FBI to ACLU: Nope, we won't tell you how, when, or why we track you


Back in August 2012, we reported on how the American Civil Liberties Union was compelling the FBI to fully disclose how it interprets the results of the United States v. Jones case—a unanimous Supreme Court decision establishing that law enforcement does not have the authority to put a warrantless GPS tracker on a suspect’s car.

As we reported then, other types of high-tech surveillance and monitoring by law enforcement continue on a nearly daily basis around the country. Cops are using everything from tap and trace, ping data, license plate surveillance, and other techniques as a way to keep tabs on suspects and innocent citizens without going through the threshold of a judicially-reviewed probable-cause-driven warrant.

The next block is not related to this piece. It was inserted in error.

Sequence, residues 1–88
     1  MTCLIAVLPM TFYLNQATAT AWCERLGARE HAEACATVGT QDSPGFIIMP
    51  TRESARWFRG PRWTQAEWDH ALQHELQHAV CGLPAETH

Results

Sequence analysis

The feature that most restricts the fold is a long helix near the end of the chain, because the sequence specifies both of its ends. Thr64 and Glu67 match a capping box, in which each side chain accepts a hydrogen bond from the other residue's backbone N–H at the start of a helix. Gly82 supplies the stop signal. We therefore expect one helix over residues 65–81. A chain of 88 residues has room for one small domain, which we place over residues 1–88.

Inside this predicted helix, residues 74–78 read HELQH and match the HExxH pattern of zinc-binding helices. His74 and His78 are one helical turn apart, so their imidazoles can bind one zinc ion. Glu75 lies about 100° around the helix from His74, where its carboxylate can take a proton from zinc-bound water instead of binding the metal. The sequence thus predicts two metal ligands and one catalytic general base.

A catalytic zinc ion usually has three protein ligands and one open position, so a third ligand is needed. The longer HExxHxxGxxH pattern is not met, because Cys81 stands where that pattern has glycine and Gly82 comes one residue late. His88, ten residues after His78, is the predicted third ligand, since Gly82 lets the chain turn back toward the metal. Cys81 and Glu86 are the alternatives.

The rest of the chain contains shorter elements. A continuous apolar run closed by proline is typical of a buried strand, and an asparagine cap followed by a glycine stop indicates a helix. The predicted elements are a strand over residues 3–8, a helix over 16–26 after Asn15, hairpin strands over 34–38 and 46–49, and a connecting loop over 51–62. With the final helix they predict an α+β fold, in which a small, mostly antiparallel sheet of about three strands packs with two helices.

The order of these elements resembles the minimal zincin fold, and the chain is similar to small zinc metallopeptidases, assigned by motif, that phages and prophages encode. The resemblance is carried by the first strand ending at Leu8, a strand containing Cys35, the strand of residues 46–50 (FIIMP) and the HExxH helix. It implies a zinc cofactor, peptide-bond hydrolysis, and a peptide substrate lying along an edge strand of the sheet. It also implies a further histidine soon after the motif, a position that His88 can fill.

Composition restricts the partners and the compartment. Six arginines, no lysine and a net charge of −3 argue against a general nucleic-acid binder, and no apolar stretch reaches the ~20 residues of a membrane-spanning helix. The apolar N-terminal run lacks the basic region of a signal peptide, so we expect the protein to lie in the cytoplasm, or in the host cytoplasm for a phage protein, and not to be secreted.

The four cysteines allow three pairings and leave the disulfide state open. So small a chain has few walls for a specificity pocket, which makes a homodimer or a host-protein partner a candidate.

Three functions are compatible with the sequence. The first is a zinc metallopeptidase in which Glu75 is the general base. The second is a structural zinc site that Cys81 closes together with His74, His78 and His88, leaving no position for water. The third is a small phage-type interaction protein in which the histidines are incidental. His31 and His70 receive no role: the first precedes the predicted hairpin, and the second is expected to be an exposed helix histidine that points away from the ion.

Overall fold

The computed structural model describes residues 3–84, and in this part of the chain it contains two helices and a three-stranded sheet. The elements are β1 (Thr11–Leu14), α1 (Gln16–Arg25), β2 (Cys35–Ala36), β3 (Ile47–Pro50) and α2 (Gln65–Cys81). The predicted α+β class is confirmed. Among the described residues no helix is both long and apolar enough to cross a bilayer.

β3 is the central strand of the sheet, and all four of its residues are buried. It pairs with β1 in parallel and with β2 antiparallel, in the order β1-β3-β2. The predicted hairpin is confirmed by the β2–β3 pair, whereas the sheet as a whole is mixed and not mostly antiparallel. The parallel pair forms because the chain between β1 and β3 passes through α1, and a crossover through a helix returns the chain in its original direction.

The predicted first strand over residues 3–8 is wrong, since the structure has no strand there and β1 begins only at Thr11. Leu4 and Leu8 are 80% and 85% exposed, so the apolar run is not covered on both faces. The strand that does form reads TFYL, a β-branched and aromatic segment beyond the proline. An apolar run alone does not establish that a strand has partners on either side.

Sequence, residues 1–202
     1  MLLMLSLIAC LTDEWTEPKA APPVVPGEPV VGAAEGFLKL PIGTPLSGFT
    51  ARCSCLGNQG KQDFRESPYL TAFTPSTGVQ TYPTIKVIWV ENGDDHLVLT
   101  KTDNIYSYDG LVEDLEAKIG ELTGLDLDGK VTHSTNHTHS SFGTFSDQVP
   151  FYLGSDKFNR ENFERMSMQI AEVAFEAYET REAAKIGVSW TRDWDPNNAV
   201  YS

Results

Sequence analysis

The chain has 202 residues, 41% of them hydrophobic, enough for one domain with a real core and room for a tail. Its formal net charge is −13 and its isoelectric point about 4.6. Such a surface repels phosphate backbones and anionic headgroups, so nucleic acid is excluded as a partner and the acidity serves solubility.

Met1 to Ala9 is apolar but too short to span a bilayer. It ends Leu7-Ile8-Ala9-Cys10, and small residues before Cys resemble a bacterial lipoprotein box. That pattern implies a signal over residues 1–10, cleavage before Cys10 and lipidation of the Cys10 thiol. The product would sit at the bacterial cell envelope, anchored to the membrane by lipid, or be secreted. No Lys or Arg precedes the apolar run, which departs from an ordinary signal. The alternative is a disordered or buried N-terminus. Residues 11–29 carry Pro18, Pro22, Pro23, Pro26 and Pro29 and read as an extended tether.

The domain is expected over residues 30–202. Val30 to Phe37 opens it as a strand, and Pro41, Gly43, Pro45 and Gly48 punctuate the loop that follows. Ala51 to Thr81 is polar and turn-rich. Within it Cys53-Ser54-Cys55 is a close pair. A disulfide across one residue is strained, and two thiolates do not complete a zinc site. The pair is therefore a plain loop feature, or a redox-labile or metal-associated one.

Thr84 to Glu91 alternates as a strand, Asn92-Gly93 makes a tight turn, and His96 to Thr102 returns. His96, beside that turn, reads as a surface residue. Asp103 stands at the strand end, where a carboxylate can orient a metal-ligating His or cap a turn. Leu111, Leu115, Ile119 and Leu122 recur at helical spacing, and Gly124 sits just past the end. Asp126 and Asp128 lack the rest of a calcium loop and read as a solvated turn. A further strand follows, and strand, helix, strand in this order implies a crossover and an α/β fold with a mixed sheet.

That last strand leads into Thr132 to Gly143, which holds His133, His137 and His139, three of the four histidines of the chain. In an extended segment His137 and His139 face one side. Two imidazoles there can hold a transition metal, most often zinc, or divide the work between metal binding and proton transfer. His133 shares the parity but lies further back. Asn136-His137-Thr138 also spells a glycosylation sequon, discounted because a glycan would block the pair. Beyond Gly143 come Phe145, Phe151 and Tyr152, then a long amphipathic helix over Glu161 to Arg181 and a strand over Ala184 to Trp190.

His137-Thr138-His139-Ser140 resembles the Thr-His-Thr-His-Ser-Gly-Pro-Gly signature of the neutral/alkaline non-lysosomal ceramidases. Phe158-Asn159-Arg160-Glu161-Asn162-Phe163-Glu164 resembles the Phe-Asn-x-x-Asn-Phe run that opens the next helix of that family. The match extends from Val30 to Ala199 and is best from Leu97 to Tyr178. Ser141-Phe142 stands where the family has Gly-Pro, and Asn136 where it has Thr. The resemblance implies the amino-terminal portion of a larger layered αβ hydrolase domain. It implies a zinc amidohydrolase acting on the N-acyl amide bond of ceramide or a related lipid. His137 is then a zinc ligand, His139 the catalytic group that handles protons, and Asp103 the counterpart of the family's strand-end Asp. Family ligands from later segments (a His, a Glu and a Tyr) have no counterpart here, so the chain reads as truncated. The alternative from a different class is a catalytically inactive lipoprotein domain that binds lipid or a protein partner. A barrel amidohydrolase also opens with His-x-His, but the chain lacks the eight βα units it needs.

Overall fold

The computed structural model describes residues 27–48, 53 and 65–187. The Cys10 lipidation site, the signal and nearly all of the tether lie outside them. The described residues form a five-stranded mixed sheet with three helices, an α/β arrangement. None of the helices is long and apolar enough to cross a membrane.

Now, the ACLU has received a response to its query—with nothing. The FBI sent the ACLU back pages (PDF) upon pages (PDF) that are heavily redacted, providing zero insight into what this policy actually is.